An estimated 100 to 150 volunteer hours went into coordinating and planning to make the sale possible. Other food bank volunteers literally did the heavy lifting, bringing out and setting up tables for the plants. Then, in closing, they repeated the process in reverse. Some also carted plants by wagon out to community members’ cars.

A Master Gardener was available on site to answer questions and was constantly surrounded by eager listeners. Her presence was certainly an added bounce to the sale.

Other business sponsors included Lavender Hill, Garden Starts Nursery, Roadhouse Nursery, Ace Hardware, Garden By the Sea and Master Gardeners.

In case you missed the sale, or just want more, unsold plants are still available at Ocean Sunset Drug.

You can help our many friends and neighbors in need. It’s easy, just click on the links below to donate or sign-up for our newsletter.

>>> OSFB DONATE TODAY – Click DONATE TODAY or send your check to Ocean Shores Food Bank, PO Box 1293, Ocean Shores, WA 98569.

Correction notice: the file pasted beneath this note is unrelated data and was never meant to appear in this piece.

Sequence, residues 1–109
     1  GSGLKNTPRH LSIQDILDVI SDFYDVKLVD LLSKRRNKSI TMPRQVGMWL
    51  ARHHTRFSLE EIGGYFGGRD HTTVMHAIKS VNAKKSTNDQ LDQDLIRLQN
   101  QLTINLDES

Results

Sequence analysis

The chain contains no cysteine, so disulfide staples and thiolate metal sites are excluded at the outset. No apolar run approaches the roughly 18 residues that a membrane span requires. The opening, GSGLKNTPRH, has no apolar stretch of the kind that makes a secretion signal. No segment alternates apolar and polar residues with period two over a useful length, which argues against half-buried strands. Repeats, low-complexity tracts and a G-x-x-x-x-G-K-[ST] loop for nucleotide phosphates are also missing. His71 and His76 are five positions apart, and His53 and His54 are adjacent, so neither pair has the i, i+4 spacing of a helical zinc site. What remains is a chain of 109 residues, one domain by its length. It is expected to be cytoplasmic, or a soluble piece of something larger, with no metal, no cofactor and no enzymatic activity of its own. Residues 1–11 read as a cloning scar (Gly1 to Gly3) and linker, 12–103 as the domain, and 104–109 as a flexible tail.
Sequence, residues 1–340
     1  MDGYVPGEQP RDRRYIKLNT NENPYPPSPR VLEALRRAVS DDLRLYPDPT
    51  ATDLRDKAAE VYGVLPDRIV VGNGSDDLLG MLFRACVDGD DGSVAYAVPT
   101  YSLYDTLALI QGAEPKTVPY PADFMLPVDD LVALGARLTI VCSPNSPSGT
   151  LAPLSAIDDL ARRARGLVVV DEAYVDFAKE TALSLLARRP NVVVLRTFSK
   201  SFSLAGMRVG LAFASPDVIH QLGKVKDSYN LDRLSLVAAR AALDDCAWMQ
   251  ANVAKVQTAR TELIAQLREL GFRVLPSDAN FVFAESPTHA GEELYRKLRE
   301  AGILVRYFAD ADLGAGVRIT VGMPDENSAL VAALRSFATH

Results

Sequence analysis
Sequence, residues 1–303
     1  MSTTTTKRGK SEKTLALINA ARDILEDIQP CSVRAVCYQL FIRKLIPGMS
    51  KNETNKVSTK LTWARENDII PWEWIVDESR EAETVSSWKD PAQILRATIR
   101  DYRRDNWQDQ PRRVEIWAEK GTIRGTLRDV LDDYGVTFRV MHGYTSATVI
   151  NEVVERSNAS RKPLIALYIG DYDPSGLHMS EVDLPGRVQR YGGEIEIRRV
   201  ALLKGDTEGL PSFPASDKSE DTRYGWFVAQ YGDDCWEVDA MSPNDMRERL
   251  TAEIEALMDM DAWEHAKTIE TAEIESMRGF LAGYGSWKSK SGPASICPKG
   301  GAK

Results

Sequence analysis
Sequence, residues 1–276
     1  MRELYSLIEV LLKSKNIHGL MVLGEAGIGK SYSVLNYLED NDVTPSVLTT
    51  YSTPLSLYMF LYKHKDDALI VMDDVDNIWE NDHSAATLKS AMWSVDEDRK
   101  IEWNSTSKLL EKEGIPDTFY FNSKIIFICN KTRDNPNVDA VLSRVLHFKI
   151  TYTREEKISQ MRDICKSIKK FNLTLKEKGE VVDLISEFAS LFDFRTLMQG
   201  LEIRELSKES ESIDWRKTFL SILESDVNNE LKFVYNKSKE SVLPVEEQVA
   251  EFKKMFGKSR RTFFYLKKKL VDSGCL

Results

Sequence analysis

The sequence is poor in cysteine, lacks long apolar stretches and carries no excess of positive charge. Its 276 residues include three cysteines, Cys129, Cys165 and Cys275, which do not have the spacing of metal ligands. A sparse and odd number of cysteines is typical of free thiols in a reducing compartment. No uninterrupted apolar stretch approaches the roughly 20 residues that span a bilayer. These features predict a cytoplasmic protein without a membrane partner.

>>> OSFB NEWSLETTER SIGN-UP – click: NEWSLETTER SIGNUP and learn more what you can do to help reduce food insecurity in North Beach.

2nd Annual Plant Sale: Sat. May 1st, 9am-3pm

121 E Chance a La Mer
Ocean Shores, WA

Benefits Ocean Shores Food Bank

  • Big plant selection
  • Hanging baskets
  • Deer-resistant plants
  • Indoor & outdoor plants & starts

Master Gardener on site 10am – 1pm

You can help our many friends and neighbors in need. It’s easy, just click on the links below to donate or sign-up for our newsletter.

>>> OSFB DONATE TODAY – Click DONATE TODAY or send your check to Ocean Shores Food Bank, PO Box 1293, Ocean Shores, WA 98569.

>>> OSFB NEWSLETTER SIGN-UP – click: NEWSLETTER SIGNUP and learn more what you can do to help reduce food insecurity in North Beach.

Meet OSFB’s “Team Rugh”

Anita and Jerry Rugh have worked at the Ocean Shores Food Bank since 2016, after relocating from the Seattle area. Both started off stocking shelves and were soon promoted to management positions, due to their intelligence, hard work, and striking personalities. This is their story, by Gary Josephson, Roving Reporter

Q: How did you meet?

Anita: Jerry lived in San Diego his whole life and I had moved there. We started going to his church.

Jerry: We disputed whether we met at a church potluck or at a Mothers’ Day event.

Anita: It was a potluck on Mothers’ Day!

Jerry: I saw her from across the room. She and her sister came over and sat down next to me.